“We’re departing from infrastructure operations monitoring. As the cloud comes in, and as we get commoditized hardware, what we’re seeing … there is a gradual shift towards an application centric universe and it’s really beginning to change things and the way people think.” – JP MorgenthalAI is the answer to the complexity challenge
“Application complexity leads to a situation where human IT operations is no longer possible. Bring in artificial, augmented intelligence… let the system handle the complexity and provide the insights.” – Kalyan KumarAnd the winner is…
With the rate of innovation at HCL exceeding expectation, it’s no wonder this year we awarded Kalyan and his team at HCL the Dynatrace R&D Mover and Shaker award for being the most innovative development partner of 2017.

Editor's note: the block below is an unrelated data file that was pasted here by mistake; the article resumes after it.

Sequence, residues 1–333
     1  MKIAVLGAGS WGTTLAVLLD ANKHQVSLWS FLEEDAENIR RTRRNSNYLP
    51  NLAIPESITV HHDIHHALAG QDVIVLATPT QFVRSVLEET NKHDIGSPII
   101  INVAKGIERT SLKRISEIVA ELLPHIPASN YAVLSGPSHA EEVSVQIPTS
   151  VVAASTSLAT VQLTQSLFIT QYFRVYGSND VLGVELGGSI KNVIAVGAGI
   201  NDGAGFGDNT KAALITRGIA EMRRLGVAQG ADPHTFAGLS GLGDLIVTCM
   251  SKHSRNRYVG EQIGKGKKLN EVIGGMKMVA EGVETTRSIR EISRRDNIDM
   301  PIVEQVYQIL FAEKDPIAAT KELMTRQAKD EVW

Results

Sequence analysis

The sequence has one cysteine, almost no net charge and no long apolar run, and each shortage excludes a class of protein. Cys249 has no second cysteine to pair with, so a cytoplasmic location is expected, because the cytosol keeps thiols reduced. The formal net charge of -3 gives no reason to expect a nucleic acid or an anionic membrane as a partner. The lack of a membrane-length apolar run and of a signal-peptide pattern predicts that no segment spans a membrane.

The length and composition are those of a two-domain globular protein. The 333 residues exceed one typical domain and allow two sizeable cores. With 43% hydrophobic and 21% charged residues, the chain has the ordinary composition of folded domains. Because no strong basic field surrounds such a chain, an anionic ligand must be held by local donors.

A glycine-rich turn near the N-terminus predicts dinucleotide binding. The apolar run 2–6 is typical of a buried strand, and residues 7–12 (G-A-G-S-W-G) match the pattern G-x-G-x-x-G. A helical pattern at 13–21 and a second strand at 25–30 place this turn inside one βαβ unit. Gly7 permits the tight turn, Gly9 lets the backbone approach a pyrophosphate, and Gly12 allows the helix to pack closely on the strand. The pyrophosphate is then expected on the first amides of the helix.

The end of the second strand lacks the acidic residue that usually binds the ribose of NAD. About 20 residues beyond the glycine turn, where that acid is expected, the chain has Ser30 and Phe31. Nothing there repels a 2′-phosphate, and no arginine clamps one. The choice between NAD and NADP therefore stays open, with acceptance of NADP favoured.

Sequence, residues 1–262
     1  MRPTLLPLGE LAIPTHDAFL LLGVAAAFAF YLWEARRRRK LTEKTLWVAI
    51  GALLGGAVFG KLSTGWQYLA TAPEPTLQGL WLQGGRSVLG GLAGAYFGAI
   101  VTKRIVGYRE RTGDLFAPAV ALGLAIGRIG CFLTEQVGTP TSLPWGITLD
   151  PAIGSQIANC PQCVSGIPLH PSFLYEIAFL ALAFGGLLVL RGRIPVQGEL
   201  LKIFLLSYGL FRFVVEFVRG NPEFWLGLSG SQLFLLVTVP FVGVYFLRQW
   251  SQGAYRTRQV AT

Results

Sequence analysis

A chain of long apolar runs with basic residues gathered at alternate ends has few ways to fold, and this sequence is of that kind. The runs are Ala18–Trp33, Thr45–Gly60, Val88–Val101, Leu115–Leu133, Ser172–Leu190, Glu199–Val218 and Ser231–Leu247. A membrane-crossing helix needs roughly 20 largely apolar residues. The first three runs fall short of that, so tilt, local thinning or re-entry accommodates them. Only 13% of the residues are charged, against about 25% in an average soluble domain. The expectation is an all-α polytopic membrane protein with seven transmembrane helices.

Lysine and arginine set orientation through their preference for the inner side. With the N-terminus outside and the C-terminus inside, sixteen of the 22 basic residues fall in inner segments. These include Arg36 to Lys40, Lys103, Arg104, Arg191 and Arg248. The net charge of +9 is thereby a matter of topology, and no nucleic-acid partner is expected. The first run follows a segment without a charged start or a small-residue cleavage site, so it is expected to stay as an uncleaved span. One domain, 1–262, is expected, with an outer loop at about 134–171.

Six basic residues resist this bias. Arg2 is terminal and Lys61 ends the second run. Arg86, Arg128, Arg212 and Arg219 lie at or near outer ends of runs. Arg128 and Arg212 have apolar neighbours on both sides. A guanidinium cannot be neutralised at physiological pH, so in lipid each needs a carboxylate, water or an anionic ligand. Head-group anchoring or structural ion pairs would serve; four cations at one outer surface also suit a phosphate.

Big thanks to HCL and CSC for partnering with Dynatrace – we applaud your tireless efforts to innovate and succeed for your customers.
The post Dynatrace partners, HCL Technologies & CSC stand tall in new Gartner report appeared first on Dynatrace blog – monitoring redefined.
To read more, visit our blog at www.sonatype.org/nexus.
To read more, visit our blog at www.sonatype.org/nexus.
Introducing the new features of HPE Jenkins plugin version 5.1 including enhanced integration with UFT 14.00 and ALM Octane. Learn more…
Keeping up with new mobile-app features has traditionally been a real challenge when relying on manual instrumentation. Automatic instrumentation has proven to be extremely efficient at quickly instrumenting mobile apps—without requiring manual configuration of source code. With auto-instrumentation, you’re guaranteed of instrumenting all of your mobile-app’s new features as they come online. One downside of automatic instrumentation is that, in some cases, automatic detection and naming of user actions and grouping of web requests has been less than optimal. This issue is addressed in the latest release of Dynatrace. Extraction rules that automatically group and aggregate web-request metrics can also now be defined using regular expressions.Set up user-action naming rules